Wash Away Your Panic

Have you ever had a panic attack in your sleep? One woman told us that on many mornings she’d
wake up trembling in a cold sweat. On these occasions she ached for a long, hot bath before
starting her day, but she never had the time.
Few people have time for a long soak in the bath before work. A brisk shower is the best most of
us can hope for to wash away sleep and pull ourselves together for the long day ahead. And sadly,
showers can also be another part of a mindless routine, a task that we do simply to get it over
with and get on with our day.

Everyday activities are perfect opportunities for cultivating
mindfulness. Perhaps you might consider each shower as a cleansing ritual, approaching it as a
symbolic act of washing away the panicky sensations trapped in your mind and body. In this next
practice you’ll do just that, step by step, breath by breath.

1. Before you run the water or get in the shower, take a few breaths. Each breath links you closer to
the present moment, right here and now.

2. Set your intentions for this mindful practice. You may say aloud or to yourself: May this shower
bring me into my body. May this shower help me be with things as they are and ease my body and
mind.

3. Once the water temperature is set to your liking, step carefully and slowly into the shower.
Experience this moment with all your senses—touch, taste, sound, smell, and sight. What does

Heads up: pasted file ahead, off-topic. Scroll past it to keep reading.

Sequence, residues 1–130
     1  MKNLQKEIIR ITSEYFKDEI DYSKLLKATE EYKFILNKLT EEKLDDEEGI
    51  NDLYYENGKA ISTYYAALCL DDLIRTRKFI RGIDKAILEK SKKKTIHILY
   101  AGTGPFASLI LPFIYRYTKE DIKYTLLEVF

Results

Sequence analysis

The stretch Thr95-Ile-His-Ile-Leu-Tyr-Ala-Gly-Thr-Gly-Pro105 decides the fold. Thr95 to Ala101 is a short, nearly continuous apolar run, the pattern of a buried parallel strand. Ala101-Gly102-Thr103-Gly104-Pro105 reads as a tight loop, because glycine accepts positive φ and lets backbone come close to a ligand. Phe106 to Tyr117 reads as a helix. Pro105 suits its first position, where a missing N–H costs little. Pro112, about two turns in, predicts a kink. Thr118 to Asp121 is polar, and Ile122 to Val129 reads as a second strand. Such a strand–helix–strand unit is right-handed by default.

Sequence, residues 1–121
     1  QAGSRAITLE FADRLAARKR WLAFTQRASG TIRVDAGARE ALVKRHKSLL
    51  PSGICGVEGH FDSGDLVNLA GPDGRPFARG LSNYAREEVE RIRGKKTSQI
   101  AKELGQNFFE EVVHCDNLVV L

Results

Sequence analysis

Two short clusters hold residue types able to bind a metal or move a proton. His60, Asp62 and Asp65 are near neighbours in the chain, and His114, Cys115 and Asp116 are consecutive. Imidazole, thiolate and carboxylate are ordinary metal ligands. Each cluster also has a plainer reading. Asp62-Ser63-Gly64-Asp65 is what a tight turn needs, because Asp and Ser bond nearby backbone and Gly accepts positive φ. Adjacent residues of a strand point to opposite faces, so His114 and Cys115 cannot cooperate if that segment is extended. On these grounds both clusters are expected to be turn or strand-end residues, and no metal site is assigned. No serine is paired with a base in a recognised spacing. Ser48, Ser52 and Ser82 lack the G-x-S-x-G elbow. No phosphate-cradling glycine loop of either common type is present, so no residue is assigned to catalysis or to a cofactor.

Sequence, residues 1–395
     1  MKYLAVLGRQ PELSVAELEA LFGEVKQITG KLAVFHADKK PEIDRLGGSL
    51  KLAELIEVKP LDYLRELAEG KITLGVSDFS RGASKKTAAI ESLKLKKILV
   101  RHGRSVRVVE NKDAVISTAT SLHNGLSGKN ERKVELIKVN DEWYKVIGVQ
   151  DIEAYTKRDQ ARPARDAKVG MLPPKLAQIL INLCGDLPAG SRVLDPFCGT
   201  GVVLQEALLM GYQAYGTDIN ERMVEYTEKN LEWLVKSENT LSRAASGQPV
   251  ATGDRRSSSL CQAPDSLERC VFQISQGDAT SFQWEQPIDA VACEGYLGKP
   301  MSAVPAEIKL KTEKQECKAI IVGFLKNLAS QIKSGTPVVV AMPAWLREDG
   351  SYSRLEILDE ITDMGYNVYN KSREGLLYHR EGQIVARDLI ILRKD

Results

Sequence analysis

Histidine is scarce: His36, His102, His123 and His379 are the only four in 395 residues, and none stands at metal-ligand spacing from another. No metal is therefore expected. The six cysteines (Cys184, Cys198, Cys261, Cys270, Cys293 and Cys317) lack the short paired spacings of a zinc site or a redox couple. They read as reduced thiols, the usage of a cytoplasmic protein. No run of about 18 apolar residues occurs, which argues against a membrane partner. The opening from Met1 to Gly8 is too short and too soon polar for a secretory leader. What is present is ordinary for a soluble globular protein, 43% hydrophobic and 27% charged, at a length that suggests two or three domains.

the water feel like on your face, arms, chest, back, and legs? What sounds are coming from the
water? What fragrances do you notice from your soap, shampoo, or shaving cream? Notice the
steam collecting on the curtain, mirror, or glass surfaces.

4. Remember to tune in to your breathing while you continue to shower.

5. On your next inhale, recognize any feelings that your body is trying to relay to you. You may
experience fear tightening your throat, making it hard to swallow. If so, allow the water to wash
over your neck and be conscious of your intentions from step 2. You may experience anxiety
making your lower back tense. If so, take this moment to let the warm water wash over and
loosen those aching muscles as you breathe out.

6. For the rest of your shower, continue to pay attention to your body in this mindful and attentive
manner, listening in on what your body needs. By doing so, you’re fostering a new kind of
relationship with your body and your body’s experience of panic.
Let morning showers be your special time for you to mindfully check in with yourself, each
warm droplet of water replenishing and healing to your mind and body.

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